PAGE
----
Conjugated linoleic acid, a bioactive fatty acid (FA) found in milk and dairy products, has potential human health benefits due to its anticarcinogenic and antiatherogenic properties.

Conjugated linoleic acid concentrations in milk fat can be markedly increased by dietary manipulation; however, high levels of CLA are difficult to sustain as rumen biohydrogenation shifts and milk fat depression (MFD) is often induced. Our objective was to feed a typical Northeastern corn-based diet and investigate whether vitamin E and soybean oil supplementation would sustain an enhanced milk fat CLA content while avoiding MFD. Holstein cows (n=48) were assigned to a completely randomized block design with repeated measures for 28 days and received one of four dietary treatments:

  • Control (CON)
  • 10,000IU of vitamin E/d (VE)
  • 2.5 percent soybean oil (SO)
  • 2.5 percent soybean oil plus 10,000IU of vitamin E/d (SO-VE).

A 2-week pretreatment control diet served as the covariate. Milk fat percentage was reduced by both high-oil diets (3.53, 3.56, 2.94, and 2.92 percent for CON, VE, SO, and SO-VE), whereas milk yield increased significantly for the SO-VE diet only, thus partially mitigating MFD by oil feeding. Milk protein percentage was higher for cows fed the SO diet (3.04, 3.05, 3.28, and 3.03 percent for CON, VE, SO, and SO-VE), implying that nutrient partitioning or ruminal supply of microbial protein was altered in response to the reduction in milk fat. Milk fat concentration of CLA more than doubled in cows fed the diets supplemented with soybean oil, with concurrent increases in trans-10 18:1 and trans-11 18:1 FA. Moreover, milk fat from cows fed the two soybean oil diets had 39.1 percent less de novo synthesized FA and 33.8 percent more long-chain preformed FA, and vitamin E had no effect on milk fat composition.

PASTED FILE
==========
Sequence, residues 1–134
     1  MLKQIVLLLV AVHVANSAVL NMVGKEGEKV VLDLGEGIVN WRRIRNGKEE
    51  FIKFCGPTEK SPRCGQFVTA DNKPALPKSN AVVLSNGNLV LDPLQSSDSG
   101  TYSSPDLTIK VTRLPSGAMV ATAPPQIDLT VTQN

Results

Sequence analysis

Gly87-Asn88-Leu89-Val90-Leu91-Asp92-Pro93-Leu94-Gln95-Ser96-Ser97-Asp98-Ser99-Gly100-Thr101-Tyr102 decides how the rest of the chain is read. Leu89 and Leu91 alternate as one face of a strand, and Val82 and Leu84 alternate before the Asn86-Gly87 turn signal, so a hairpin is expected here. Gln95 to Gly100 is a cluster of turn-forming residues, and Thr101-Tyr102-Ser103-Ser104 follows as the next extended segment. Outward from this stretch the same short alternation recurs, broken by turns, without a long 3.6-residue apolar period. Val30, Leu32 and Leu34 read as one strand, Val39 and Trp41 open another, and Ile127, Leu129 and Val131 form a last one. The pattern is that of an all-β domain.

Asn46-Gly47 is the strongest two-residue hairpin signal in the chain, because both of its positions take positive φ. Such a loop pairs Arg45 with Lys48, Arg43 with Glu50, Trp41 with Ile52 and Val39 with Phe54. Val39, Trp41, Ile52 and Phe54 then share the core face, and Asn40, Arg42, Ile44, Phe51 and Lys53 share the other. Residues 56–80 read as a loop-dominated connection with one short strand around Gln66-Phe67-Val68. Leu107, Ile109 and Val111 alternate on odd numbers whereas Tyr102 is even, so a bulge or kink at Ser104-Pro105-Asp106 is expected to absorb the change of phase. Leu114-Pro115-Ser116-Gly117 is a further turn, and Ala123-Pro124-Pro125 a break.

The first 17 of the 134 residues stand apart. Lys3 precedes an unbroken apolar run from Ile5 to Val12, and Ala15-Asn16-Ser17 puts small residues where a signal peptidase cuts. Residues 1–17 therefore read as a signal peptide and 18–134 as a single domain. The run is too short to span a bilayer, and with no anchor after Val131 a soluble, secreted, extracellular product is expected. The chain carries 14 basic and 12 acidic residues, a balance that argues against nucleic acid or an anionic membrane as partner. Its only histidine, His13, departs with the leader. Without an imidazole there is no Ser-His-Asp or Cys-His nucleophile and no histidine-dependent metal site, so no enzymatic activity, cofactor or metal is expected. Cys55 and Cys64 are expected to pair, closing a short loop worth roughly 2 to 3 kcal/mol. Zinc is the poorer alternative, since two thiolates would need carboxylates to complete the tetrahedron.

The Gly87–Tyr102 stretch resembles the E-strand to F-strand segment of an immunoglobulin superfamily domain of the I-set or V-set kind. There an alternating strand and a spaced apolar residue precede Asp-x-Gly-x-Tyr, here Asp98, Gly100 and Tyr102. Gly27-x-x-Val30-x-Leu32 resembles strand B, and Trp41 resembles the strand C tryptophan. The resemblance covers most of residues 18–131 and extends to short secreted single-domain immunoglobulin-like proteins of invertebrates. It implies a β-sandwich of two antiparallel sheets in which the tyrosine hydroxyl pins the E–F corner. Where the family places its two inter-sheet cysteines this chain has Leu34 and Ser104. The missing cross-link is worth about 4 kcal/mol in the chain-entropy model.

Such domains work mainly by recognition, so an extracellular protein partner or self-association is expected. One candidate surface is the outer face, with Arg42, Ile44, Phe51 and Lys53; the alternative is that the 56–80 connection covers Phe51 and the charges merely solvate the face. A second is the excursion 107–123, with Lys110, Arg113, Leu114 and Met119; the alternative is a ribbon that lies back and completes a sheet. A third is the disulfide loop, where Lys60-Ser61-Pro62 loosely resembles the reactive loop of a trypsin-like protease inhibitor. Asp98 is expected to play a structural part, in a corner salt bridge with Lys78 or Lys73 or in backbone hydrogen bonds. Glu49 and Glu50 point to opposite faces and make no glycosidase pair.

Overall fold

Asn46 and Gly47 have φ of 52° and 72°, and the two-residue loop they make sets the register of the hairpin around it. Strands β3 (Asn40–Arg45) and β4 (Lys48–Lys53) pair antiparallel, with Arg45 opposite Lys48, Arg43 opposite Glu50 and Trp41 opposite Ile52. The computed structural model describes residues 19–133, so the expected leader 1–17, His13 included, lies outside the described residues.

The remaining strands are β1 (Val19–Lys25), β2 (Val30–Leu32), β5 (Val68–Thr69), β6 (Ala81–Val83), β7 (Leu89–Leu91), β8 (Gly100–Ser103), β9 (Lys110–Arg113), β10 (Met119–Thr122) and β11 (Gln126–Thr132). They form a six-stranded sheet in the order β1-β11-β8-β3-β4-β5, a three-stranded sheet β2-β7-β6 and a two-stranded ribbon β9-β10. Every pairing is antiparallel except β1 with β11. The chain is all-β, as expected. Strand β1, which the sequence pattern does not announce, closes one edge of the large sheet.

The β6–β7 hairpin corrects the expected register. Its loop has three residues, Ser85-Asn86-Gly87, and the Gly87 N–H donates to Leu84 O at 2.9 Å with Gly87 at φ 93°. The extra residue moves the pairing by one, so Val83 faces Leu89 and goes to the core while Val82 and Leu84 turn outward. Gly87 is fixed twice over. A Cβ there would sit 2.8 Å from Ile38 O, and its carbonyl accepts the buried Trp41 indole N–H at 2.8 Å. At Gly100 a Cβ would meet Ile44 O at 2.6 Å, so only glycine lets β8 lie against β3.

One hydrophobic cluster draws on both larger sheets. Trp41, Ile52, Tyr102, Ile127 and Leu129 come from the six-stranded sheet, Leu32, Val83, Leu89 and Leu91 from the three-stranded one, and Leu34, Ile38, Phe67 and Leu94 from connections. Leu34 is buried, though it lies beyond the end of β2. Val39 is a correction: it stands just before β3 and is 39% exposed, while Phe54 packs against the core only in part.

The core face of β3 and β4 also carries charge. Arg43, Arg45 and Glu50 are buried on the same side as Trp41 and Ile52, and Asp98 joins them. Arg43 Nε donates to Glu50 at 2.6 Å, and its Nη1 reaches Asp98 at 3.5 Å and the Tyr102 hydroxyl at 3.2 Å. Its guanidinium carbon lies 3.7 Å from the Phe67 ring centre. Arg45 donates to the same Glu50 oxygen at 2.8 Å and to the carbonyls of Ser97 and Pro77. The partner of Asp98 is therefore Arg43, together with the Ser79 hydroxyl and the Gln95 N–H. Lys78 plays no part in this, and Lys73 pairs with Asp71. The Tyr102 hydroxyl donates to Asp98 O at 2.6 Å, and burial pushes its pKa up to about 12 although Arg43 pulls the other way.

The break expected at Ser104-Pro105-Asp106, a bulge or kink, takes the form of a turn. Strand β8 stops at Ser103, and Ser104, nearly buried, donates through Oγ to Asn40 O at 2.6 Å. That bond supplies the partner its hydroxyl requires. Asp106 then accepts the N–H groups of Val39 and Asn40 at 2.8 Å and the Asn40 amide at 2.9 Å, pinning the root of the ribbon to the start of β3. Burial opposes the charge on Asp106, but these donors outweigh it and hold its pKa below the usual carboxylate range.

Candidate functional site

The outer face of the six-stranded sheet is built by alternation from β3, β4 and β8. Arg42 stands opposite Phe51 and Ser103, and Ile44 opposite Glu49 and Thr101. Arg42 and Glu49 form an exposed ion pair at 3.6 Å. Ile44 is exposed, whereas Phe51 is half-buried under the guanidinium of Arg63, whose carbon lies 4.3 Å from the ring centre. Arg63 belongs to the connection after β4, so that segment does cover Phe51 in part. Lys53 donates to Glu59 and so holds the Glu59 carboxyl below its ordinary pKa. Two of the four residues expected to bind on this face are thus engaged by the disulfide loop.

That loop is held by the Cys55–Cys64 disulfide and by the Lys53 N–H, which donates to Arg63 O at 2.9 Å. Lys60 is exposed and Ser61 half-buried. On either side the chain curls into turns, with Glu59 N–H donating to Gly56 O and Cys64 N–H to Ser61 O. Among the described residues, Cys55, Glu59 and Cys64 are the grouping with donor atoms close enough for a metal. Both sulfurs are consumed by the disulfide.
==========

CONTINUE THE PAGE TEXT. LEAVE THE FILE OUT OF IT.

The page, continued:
Overall, dietary supplements of soybean oil caused a reduction in milk fat percentage and a shift in FA composition characteristic of MFD. Supplementing diets with vitamin E did not overcome the oil-induced reduction in milk fat percentage or changes in FA profile, but partially mitigated the reduction in fat yield by increasing milk yield.

Source: Journal of Dairy Science/A.M. O’Donnell-Megaro, J.L. Capper, W.P. Weiss, D.E. Bauman